2. Whether you want to add ( + ) the permission, delete ( - ) it, or specify it exactly ( = ).

  3. What permissions you want to affect: read ( r ), write ( w ), or execute ( x ). To change more than one permission, string the letters together ”for example, rw for "read and write."

Some examples should make this clearer! In the following command lines, you can replace dirname or filename with the pathname (absolute or relative) of the directory or file. An easy way to change permissions on the working directory is by using its relative pathname, . (dot), as in chmod o- w .. You can combine two permission changes in the same chmod command by separating them with a comma (,), as shown in the final example.

  • To protect a file from accidental editing, delete everyone's write permission with the command:

     chmod a-w   filename   

    On the other hand, if you own an unwritable file that you want to edit, but you don't want to change other peoples' write permissions, you can add "user" (owner) write permission with:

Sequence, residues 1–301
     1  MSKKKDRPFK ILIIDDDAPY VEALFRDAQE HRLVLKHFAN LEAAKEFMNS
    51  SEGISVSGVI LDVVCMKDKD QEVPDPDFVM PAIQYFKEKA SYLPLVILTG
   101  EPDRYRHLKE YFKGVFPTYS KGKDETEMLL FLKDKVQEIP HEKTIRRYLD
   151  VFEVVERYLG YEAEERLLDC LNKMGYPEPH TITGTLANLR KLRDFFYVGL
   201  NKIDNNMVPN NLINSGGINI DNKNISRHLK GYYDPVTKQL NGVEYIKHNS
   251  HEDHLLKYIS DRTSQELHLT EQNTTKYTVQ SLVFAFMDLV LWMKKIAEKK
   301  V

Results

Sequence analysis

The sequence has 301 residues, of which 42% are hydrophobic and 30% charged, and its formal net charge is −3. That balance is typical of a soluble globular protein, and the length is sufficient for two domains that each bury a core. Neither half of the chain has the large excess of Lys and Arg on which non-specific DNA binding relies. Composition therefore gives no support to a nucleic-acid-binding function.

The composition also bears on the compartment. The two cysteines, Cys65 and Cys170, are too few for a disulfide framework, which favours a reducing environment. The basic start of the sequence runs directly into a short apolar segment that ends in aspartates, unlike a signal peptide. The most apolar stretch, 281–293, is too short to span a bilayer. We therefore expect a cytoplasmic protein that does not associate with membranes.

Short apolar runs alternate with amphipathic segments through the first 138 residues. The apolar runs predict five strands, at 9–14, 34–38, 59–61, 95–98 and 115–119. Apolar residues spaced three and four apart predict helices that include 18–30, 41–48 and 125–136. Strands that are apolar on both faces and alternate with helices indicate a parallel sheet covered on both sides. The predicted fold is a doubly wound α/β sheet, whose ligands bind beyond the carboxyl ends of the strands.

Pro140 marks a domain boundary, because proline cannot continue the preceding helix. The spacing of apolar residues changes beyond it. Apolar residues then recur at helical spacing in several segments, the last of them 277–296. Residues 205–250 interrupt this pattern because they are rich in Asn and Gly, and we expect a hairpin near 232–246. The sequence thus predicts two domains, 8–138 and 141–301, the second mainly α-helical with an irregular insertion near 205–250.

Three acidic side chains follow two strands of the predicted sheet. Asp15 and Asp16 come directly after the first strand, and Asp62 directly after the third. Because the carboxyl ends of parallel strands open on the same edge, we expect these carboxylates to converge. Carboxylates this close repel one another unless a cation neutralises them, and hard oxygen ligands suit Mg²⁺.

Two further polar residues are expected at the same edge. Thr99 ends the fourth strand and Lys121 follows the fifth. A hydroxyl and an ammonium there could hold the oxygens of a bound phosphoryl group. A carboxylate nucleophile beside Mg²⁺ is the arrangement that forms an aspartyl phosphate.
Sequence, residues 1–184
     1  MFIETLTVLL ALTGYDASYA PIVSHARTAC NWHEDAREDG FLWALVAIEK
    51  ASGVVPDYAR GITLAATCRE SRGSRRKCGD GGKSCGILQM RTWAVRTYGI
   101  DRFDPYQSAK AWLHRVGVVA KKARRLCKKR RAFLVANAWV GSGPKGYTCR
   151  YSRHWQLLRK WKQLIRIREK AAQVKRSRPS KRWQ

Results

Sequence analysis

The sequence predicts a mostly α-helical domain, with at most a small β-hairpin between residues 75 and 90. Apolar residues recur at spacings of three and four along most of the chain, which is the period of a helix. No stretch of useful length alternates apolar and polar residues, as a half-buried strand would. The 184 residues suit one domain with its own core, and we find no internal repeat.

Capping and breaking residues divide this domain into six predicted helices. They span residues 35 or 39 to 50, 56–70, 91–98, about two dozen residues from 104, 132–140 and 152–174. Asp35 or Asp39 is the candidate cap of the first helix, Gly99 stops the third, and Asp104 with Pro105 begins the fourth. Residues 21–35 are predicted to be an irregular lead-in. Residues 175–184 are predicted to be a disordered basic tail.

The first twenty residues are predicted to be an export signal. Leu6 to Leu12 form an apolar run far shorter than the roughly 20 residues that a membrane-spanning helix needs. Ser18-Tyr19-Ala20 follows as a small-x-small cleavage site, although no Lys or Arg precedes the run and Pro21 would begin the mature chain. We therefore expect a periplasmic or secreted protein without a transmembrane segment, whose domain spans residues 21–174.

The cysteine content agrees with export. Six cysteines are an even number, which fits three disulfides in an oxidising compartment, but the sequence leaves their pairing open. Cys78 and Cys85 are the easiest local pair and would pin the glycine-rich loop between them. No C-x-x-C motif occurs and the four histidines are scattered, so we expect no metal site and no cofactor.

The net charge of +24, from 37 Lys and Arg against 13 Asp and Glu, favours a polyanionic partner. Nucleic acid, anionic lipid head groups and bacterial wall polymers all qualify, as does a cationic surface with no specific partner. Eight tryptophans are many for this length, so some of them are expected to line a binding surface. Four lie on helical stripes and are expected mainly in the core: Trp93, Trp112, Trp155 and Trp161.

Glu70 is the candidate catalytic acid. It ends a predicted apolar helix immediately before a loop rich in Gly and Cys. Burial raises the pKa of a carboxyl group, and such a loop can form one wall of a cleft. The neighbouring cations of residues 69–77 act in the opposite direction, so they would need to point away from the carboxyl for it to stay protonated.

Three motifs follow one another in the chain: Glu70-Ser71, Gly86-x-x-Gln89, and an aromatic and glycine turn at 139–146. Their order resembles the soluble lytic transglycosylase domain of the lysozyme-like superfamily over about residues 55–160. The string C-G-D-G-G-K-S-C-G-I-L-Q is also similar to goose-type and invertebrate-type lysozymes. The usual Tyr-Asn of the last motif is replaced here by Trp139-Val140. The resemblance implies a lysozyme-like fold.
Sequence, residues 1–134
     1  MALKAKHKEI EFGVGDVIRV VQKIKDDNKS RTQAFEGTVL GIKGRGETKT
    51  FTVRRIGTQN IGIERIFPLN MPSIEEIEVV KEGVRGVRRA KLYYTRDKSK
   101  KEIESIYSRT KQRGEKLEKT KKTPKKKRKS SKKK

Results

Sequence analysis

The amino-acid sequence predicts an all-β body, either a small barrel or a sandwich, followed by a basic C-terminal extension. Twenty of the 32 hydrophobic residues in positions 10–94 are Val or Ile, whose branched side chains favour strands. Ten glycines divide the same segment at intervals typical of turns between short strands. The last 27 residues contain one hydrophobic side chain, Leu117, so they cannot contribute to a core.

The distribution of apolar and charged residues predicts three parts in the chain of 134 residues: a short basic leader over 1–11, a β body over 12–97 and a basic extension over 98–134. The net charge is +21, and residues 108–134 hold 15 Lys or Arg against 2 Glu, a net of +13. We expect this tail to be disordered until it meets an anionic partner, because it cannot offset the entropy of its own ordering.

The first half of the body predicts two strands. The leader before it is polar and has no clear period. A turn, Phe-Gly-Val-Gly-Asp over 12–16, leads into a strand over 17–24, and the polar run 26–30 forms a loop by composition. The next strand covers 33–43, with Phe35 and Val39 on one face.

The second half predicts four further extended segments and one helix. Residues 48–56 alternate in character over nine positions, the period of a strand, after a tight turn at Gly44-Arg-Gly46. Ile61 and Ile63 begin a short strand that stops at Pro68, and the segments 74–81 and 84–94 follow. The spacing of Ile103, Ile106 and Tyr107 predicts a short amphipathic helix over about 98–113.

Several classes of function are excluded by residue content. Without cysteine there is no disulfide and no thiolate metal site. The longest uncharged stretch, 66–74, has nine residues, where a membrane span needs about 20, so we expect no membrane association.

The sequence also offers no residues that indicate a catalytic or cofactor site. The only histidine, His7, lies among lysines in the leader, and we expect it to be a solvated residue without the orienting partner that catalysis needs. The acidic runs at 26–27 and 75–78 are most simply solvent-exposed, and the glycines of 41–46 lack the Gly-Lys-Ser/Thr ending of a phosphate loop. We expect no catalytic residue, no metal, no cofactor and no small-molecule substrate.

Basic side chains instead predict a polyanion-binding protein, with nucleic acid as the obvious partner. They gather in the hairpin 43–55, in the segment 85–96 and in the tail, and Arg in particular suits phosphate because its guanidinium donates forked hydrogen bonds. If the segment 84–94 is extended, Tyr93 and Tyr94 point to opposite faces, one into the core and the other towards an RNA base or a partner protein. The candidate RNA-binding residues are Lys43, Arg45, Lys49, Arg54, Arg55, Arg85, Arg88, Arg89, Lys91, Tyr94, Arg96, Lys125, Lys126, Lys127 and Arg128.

chmod u+w   filename   
  • To keep yourself from accidentally removing files (or adding or renaming files) in an important directory of yours, delete your own write permission with the command:

     chmod u-w   dirname   
  • If other users have that permission too, you could delete everyone's write permission with:

     chmod a-w   dirname   
  • If you want you and your group to be able to read and write all the files in your working directory ”but those files have various permissions now, so adding and deleting the permissions individually would be a pain ”this is a good place to use the = operator to set the exact permissions you want. Use the filename wildcard * , which means "everything in this directory" (explained in Section 4.2 in Chapter 4) and type:

     chmod ug=rw * 
  • If your working directory has any subdirectories, though, that command would be wrong because it takes away execute permission from the subdirectories, so the subdirectories couldn't be accessed anymore. In that case, you could try a more specific wildcard. Or, instead of a wildcard, you can simply list the filenames you want to change, separated by spaces, as in: